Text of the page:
Artists in residence engage the public through programs like workshops, lectures, and walks that are related to their KSAT projects.
Nestor Gil, associate professor of art at Lafayette College, organized and led LaJiraGira, a community picnic in August 2023 that featured a walk along the trail, fun with a piñata, live music, and food provided by a local restaurant. He also took photos of participants’ blankets during the picnic in order to make prints from them and place them temporarily at strategic locations on the trail. Read Gil’s statement about LaJiraGira in Spanish or English.
In 2022, Heidi Wiren Barlett directed a performance event (see above) in conjunction with her Upriver series of five sculptures and rocks on the trail. The work was an active collaboration with local artists, scholars, geologists, musicians, and engineers. Stories were told in a procession down the trail, with each aspect reflecting the mythologies of “The Place at the Forks.” In addition, several Sound Bath Experiences with guided meditation took place.
Brandon Ballengée’s installation Love Motel for Insects: Anax Junius Variation was the centerpiece of his 2019 residency. Inspired by this exhibit, KSAT Inc. partnered with the Lehigh Valley Engaged Humanities Consortium to host the Bushkill Bug Symposium. The event consisted of presentations on stream ecology and sustainability, river rock investigations/creature collections, fly fishing and seining demonstrations, and a Bug & Burger BBQ. Related events included a glow-in-the-dark activity on bugs led by Nurture Nature Center and a screening of A Bug’s Life on the trail. Ballengée’s work was temporarily relocated to Paxinosa Elementary School in Easton’s West Ward, where it served as the focal point of continuing community conversations around these topics.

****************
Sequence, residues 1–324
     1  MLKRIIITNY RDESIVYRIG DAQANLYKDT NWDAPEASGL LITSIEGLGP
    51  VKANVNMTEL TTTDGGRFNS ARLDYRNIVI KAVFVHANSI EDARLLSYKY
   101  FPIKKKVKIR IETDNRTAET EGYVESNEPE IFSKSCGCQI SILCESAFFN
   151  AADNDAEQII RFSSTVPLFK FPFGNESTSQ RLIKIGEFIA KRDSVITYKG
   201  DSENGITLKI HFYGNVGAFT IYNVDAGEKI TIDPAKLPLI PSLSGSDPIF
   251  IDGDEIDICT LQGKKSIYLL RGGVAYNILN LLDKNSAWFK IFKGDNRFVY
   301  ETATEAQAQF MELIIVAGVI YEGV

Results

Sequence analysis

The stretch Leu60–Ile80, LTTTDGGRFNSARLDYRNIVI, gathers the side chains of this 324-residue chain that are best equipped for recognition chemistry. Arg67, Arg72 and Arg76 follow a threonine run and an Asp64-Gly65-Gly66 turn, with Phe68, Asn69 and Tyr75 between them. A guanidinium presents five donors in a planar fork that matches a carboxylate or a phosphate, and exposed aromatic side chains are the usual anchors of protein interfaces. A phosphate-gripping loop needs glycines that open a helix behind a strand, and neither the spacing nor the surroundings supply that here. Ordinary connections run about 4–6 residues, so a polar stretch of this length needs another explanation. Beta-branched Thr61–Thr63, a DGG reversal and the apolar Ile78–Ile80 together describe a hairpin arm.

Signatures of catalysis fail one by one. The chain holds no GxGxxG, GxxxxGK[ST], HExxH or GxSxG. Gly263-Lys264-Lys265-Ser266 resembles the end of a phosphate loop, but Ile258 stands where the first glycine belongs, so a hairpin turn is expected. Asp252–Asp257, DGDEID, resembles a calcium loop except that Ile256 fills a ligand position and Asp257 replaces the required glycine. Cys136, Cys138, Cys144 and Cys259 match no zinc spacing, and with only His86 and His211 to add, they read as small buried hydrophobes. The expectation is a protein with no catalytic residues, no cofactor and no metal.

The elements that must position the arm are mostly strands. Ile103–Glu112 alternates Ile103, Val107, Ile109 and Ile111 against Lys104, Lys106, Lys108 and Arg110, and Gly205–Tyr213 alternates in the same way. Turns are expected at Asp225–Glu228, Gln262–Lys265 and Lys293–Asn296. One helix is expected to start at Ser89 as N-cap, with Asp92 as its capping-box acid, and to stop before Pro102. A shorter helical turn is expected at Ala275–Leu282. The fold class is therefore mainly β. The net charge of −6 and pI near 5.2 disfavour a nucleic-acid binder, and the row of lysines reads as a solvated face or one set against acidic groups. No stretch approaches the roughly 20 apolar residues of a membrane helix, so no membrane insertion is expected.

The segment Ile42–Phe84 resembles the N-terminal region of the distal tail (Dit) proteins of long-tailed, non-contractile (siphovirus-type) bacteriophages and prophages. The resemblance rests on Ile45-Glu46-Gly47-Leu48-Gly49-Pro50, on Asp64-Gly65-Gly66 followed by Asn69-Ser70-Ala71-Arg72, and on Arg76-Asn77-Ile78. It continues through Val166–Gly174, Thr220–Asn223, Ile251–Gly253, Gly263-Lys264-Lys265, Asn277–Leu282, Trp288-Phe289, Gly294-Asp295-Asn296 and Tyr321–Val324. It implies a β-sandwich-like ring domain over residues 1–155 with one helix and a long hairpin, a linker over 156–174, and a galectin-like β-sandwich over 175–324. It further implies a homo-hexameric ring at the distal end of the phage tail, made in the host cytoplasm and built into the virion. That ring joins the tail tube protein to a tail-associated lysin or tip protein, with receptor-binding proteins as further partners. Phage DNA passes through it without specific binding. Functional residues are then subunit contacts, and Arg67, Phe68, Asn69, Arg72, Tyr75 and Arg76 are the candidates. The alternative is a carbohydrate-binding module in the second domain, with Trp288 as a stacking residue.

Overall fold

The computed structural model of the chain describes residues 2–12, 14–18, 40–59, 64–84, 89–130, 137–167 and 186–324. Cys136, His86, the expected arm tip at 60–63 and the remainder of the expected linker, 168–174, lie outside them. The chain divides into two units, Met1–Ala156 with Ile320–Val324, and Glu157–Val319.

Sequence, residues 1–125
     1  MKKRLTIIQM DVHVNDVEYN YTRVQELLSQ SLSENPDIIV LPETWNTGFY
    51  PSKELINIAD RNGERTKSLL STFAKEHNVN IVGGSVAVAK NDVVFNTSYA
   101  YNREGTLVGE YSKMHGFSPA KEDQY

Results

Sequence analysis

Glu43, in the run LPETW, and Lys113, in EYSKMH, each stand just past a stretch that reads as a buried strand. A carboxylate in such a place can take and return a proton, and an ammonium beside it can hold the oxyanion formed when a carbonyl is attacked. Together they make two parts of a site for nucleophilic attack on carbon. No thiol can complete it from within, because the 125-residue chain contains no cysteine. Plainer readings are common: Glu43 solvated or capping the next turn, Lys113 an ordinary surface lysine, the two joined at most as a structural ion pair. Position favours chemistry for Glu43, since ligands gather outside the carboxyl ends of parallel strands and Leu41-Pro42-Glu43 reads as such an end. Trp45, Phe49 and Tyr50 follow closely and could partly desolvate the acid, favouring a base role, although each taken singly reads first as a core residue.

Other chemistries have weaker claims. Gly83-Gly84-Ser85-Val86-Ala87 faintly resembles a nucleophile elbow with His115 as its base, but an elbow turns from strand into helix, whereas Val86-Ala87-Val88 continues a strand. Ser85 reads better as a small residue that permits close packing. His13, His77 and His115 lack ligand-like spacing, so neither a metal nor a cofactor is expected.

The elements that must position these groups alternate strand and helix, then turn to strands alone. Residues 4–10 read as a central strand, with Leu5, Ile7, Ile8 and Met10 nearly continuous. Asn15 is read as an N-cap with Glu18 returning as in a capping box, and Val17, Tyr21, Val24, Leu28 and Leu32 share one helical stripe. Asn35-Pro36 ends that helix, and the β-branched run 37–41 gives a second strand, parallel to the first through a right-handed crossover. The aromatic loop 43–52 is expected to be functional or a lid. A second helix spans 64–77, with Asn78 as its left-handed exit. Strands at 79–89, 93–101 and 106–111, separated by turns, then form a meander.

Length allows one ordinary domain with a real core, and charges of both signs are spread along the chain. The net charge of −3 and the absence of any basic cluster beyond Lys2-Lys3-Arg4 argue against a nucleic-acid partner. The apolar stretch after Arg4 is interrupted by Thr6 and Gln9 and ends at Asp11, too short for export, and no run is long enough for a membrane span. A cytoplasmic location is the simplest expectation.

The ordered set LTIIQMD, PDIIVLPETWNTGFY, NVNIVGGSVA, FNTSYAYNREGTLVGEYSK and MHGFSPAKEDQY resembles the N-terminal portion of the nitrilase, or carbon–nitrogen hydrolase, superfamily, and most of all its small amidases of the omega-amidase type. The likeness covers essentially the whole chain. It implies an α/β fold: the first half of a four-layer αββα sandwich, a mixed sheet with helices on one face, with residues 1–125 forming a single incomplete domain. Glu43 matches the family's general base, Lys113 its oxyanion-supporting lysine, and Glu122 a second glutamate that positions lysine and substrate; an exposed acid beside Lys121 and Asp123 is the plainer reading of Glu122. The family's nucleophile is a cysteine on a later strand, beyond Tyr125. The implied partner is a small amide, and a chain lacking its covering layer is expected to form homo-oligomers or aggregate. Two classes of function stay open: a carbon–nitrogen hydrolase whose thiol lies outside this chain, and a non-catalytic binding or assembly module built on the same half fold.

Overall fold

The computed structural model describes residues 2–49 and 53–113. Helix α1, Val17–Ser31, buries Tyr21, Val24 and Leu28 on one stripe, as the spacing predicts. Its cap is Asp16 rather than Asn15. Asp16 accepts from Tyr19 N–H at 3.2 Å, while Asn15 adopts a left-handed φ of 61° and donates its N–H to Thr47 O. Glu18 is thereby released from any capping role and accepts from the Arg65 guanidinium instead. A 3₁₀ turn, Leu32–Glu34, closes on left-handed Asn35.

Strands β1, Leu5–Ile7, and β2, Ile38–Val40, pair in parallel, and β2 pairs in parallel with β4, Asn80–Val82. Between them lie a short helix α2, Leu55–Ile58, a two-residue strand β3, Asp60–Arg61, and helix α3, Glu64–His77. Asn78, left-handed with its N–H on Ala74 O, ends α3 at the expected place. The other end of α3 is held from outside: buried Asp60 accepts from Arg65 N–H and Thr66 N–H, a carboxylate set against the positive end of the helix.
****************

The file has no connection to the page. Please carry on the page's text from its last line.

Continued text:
Oklahoma sculptor Rachel Hayes was the resident artist in 2018-19, working with KSAT Inc., the owners of Mercantile Home, and Easton’s Department of Public Works to install her Site Lines, which consisted of 19 pieces and over 1,000 yards of construction mesh and nylon flag fabric. The installation inhabited the KSAT for about a year, and when the work was removed, the fabric was repurposed into bags for residents of local shelters.